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Reeder v. Knapik


November 7, 2007


The opinion of the court was delivered by: M. James Lorenz United States District Court Judge


On October 15, 2007, plaintiff, appearing pro se, filed an ex parte application for service of process by publication on the unserved defendants and at the expense of the Court. [doc. #

1. Entitlement to Service of Process at Court Expense

The Court first notes that plaintiff, having paid the $350.00 filing fee, is not proceeding in forma pauperis and has not sought such status. (See docket no. 1; receipt no. 135392). Under 28 U.S.C. § 1915(a)(1), any court of the United States may authorize the commencement, prosecution or defense of any suit, action or proceeding, civil or criminal, or appeal therein, without prepayment of fees or security therefore, by a person who submits an affidavit that includes a statement of all assets such [person] possesses, that the person is unable to pay such fees or give security therefor. . . .

28 U.S.C. § 1915(a)(1) (emphasis added).

Federal Rule of Civil Procedure 4(c)(2) also provides:

[T]he court may direct that service be effected by a United States marshal, deputy United States marshal, or other person or officer specially appointed the court for that purpose. Such an appointment must be made when the plaintiff is authorized to proceed in forma pauperis pursuant to 28 U.S.C. § 1915 . . . .". R. CIV. P. 4(c)(2) (emphasis added).

Here, because plaintiff neither sought nor obtained in forma pauperis status, plaintiff is responsible for service of the summons and complaint and for the costs of service.*fn1 Accordingly, plaintiff is not entitled to service of process at Court expense.

2. Service by Publication

Eventhough plaintiff is not entitled to service of process at Court expense, the Court will review the law concerning service by publication.*fn2

The Federal Rules of Civil Procedure do not expressly provide for service of process by publication. California, however, does provide for service by publication in its Code of Civil Procedure § 415.50.*fn3 Section 415.50 provides in relevant part:

(a) A summons may be served by publication if upon affidavit it appears to the satisfaction of the court in which the action is pending that the party to be served cannot with reasonable diligence be served in another manner specified in this article and that either:

(1) A cause of action exists against the party upon whom service is to be made or he or she is a necessary or proper party to the action. . . .

(b) The court shall order the summons to be published in a named newspaper, published in this state, that is most likely to give actual notice to the party to be served. If the party to be served resides or is located out of this state, the court may also order the summons to be published in a named newspaper outside this state that is most likely to give actual notice to that party. The order shall direct that a copy of the summons, the complaint, and the order for publication be forthwith mailed to the party if his or her address is ascertained before expiration of the time prescribed for publication of the summons. Except as otherwise provided by statute, the publication shall be made as provided by Section 6064 of the Government Code*fn4 unless the court, in its discretion, orders publication for a longer period.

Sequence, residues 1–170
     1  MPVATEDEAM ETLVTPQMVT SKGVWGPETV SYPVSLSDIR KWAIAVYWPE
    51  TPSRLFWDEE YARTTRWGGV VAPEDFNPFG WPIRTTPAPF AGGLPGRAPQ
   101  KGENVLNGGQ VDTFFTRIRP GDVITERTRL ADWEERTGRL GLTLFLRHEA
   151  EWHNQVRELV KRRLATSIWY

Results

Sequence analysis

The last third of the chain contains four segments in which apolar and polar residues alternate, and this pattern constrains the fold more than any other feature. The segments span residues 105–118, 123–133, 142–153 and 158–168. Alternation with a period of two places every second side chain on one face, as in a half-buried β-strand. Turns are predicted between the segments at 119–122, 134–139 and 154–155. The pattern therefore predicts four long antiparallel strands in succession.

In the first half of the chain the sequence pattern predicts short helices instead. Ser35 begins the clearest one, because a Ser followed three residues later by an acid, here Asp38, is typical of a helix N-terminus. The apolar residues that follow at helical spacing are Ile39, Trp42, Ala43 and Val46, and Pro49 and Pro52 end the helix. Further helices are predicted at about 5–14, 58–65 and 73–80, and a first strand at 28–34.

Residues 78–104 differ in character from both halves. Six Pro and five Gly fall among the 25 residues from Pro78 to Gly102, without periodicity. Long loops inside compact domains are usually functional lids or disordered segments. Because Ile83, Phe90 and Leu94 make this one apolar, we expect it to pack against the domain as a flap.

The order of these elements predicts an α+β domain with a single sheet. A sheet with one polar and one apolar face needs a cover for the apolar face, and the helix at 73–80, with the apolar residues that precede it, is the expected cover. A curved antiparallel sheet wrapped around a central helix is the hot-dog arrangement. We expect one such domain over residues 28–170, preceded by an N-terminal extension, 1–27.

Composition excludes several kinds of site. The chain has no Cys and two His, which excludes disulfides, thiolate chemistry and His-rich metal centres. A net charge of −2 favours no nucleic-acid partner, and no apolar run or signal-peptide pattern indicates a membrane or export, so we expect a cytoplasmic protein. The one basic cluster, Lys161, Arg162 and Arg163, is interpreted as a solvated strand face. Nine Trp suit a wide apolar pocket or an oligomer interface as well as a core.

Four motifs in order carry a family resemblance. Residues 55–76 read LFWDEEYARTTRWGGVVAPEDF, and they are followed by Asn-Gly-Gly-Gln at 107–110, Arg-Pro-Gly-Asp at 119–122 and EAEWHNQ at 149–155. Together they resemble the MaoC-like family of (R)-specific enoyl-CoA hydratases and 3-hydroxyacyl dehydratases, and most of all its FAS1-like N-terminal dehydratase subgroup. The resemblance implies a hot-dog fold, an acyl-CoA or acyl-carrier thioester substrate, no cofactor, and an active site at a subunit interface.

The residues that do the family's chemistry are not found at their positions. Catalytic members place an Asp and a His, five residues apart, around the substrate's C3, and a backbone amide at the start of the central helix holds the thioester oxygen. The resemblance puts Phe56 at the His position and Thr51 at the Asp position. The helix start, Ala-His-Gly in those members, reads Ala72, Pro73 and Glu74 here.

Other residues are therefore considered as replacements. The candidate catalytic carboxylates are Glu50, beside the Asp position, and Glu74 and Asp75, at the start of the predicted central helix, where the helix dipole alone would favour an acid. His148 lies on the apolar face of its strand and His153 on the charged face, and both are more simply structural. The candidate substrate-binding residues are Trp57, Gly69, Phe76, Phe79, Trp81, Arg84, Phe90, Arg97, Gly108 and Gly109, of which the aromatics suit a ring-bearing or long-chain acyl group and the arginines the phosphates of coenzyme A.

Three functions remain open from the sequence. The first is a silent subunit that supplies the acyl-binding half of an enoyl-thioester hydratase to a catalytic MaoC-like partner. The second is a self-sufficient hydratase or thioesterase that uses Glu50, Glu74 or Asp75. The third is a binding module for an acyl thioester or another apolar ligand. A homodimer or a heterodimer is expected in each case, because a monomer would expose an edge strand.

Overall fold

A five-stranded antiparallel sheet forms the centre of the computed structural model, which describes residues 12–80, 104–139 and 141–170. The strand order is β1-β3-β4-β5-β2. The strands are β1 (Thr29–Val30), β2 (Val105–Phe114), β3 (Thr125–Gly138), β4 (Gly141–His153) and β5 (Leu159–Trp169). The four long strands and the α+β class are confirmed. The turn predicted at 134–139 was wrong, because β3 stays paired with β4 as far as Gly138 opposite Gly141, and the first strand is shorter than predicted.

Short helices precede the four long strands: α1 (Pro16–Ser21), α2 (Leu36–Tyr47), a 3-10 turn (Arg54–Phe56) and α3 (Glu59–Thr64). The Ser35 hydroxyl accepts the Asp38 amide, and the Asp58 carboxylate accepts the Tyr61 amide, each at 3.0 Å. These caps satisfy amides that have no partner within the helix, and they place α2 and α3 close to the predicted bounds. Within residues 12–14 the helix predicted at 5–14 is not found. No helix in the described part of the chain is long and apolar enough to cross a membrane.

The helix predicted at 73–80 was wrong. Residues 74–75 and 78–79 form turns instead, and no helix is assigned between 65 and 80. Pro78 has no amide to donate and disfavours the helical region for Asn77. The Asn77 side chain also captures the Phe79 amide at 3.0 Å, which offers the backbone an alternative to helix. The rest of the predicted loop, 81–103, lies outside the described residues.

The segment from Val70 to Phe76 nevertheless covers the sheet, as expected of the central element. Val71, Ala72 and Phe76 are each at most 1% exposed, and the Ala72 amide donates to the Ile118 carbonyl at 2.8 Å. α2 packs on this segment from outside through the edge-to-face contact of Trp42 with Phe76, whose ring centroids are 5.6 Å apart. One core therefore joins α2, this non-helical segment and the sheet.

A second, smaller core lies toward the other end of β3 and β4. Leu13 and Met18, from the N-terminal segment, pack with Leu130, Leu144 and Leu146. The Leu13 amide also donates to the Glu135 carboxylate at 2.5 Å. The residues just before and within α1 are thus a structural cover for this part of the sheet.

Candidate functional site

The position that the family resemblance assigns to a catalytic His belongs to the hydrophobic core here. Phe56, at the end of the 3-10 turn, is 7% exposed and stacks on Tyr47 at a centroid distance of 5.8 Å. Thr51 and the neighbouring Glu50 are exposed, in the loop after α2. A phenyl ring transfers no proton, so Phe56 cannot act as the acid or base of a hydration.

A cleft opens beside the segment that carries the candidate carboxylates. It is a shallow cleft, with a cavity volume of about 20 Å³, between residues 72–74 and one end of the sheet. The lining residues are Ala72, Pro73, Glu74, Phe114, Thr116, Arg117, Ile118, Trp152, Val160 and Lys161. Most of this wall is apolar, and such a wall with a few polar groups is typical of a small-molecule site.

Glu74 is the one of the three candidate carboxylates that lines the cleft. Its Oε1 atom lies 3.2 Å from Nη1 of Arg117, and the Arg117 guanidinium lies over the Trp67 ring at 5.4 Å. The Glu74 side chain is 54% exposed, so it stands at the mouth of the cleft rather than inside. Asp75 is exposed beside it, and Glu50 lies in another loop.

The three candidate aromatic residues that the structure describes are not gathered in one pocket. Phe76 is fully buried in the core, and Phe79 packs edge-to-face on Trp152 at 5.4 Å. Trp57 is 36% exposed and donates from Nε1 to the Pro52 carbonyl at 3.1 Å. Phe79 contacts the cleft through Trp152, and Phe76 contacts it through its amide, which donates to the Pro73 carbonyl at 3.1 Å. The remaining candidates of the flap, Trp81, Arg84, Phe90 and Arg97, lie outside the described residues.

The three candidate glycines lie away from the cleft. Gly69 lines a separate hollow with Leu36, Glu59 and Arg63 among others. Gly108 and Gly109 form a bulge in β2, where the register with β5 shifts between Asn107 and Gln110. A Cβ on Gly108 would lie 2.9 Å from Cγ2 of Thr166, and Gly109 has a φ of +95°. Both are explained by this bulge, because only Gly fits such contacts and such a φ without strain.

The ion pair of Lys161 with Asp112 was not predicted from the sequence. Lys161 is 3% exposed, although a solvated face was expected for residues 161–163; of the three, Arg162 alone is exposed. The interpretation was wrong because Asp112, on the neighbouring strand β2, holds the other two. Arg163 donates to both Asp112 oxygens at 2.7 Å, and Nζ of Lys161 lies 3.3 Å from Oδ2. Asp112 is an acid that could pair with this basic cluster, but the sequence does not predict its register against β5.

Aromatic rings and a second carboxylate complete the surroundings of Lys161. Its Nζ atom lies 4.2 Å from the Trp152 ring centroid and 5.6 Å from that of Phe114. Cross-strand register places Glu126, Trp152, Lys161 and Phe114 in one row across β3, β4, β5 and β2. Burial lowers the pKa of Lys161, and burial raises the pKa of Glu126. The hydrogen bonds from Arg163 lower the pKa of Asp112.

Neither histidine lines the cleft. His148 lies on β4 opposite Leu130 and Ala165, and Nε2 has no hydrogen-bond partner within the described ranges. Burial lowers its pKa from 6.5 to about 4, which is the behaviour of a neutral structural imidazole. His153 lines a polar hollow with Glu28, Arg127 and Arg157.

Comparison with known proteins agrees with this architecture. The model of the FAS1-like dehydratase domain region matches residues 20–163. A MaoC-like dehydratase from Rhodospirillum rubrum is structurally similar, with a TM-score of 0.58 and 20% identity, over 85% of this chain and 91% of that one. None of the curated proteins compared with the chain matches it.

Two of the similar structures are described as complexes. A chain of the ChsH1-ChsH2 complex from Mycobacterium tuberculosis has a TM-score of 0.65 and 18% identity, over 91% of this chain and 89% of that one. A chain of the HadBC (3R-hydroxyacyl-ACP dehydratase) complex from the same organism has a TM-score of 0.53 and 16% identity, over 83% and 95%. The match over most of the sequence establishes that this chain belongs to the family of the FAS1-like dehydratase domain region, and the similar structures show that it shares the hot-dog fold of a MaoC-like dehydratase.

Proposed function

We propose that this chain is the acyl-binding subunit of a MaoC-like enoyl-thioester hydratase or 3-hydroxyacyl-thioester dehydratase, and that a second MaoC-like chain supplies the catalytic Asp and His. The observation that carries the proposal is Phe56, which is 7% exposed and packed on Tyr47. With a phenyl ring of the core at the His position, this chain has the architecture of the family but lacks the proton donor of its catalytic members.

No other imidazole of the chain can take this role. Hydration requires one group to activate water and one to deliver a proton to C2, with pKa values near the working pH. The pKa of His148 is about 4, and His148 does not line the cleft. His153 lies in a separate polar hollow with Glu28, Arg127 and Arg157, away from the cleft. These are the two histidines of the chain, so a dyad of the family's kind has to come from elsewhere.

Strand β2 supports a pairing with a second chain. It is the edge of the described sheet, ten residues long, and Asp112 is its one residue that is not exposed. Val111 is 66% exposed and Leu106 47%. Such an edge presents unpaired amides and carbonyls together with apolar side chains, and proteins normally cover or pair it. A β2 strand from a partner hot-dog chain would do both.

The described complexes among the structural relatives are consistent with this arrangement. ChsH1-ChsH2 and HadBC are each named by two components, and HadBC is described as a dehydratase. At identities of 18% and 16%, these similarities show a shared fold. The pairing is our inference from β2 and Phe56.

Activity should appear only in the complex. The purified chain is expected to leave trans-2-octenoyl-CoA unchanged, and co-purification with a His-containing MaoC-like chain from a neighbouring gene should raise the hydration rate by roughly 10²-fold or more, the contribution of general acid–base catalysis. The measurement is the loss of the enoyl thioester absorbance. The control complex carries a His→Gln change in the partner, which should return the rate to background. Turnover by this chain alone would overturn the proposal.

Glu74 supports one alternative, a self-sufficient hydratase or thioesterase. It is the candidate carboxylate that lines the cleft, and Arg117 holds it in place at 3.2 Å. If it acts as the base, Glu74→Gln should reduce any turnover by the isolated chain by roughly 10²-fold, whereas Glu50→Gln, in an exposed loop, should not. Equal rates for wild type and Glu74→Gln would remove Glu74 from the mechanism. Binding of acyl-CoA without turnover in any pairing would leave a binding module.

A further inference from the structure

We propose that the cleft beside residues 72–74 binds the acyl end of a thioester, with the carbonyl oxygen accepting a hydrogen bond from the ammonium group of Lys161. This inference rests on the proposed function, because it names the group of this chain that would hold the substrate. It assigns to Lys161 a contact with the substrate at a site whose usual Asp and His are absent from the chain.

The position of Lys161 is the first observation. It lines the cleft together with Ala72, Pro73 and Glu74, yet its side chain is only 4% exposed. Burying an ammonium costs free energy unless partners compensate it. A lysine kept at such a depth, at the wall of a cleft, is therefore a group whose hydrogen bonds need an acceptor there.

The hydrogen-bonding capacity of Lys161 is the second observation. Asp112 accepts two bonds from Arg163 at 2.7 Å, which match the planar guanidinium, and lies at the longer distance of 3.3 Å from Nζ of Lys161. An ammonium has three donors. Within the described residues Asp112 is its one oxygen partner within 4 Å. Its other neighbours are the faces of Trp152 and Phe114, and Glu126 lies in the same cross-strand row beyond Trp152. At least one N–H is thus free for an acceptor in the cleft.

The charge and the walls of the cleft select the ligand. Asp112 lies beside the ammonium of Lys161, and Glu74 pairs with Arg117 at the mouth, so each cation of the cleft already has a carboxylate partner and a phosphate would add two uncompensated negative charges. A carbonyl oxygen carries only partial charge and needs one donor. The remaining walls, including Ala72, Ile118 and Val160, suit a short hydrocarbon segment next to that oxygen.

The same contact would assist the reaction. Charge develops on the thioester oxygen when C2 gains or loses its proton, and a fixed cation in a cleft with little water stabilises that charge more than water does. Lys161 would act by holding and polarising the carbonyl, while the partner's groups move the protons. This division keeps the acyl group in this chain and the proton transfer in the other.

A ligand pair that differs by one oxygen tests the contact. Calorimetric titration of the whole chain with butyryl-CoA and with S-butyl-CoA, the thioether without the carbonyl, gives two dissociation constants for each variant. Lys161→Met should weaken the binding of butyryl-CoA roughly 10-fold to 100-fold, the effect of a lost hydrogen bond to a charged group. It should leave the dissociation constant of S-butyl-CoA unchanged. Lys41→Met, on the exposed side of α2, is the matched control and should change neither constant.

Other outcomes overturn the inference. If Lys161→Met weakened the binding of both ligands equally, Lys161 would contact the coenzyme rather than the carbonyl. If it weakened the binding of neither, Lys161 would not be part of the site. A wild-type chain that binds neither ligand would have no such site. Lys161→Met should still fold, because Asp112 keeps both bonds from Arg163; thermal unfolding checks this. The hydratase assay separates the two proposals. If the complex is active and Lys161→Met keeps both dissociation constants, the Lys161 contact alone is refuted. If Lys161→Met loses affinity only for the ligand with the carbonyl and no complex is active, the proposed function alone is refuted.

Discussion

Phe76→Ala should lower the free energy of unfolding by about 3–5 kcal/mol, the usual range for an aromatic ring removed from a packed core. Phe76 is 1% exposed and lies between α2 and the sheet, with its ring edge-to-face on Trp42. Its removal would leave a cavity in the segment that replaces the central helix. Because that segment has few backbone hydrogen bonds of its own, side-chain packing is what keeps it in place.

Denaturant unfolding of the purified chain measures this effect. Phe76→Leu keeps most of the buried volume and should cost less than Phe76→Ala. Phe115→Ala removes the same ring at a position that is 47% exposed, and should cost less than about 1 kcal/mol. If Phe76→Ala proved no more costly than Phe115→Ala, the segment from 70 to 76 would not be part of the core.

ODE CIV. PROC. §415.50(a)(1), (b).

Thus, section 415.50 provides a method for effecting service by publication where a defendant's whereabouts and his dwelling house or usual place of abode cannot be ascertained with reasonable diligence, and where no person who may be served on his behalf can be located with reasonable diligence.

The term "reasonable diligence" . . . denotes a thorough, systematic investigation and inquiry conducted in good faith by the party or his agent or attorney. A number of honest attempts to learn defendant's whereabouts or his address by inquiry of relatives, friends, and acquaintances, or of his employer, and by investigation of appropriate city and telephone directories, the voters' register, and the real and personal property index in the assessor's office, near the defendant's last known location, are generally sufficient. These are the likely sources of information, and consequently must be searched before resorting to service by publication.

Judicial Council Comments to Code of Civil Procedure § 415.50 (citations omitted).

The Judicial Council Comments also note:

The first step in service by publication is the filing of a prescribed affidavit showing in detail (1) probative facts indicating a sincere desire and a thorough search to locate the defendant, including the dates thereof and any attempts to serve the defendant by another method of service, and . . . (2) that a cause of action exists against the defendant or that he is a necessary or proper party, . . .

Although plaintiff has submitted the declaration of Willie James Washington in support of service by publication, the declaration is insufficient. Plaintiff has not provided detailed facts showing a thorough but unsuccessful search for the defendant.*fn5 Accordingly, even if plaintiff sought to have service by publication at her own costs, the Court is not satisfied that service by publication is appropriate on the record presented.

The Court further notes that plaintiff's time for serving the remaining unserved defendants has past and no additional extensions of time have been sought or granted. Accordingly, all unserved defendants will be dismissed from this action without prejudice.

3. Conclusion

Based on the foregoing, IT IS ORDERED plaintiff's ex parte application for free process of summons and first amended complaint being effectuated on un-served defendants by order of the Court is DENIED. IT IS FURTHER ORDERED dismissing the unserved defendants without prejudice.


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